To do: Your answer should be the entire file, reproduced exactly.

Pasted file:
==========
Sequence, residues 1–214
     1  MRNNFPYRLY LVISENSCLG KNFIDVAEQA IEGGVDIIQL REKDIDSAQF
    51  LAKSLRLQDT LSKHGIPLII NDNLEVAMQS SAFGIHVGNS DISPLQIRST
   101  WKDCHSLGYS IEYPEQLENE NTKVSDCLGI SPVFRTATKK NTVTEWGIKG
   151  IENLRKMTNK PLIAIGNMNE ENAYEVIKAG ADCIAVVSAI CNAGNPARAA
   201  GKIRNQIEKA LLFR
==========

Sequence, residues 1–214
     1  MRNNFPYRLY LVISENSCLG KNFIDVAEQA IEGGVDIIQL REKDIDSAQF
    51  LAKSLRLQDT LSKHGIPLII NDNLEVAMQS SAFGIHVGNS DISPLQIRST
   101  WKDCHSLGYS IEYPEQLENE NTKVSDCLGI SPVFRTATKK NTVTEWGIKG
   151  IENLRKMTNK PLIAIGNMNE ENAYEVIKAG ADCIAVVSAI CNAGNPARAA
   201  GKIRNQIEKA LLFR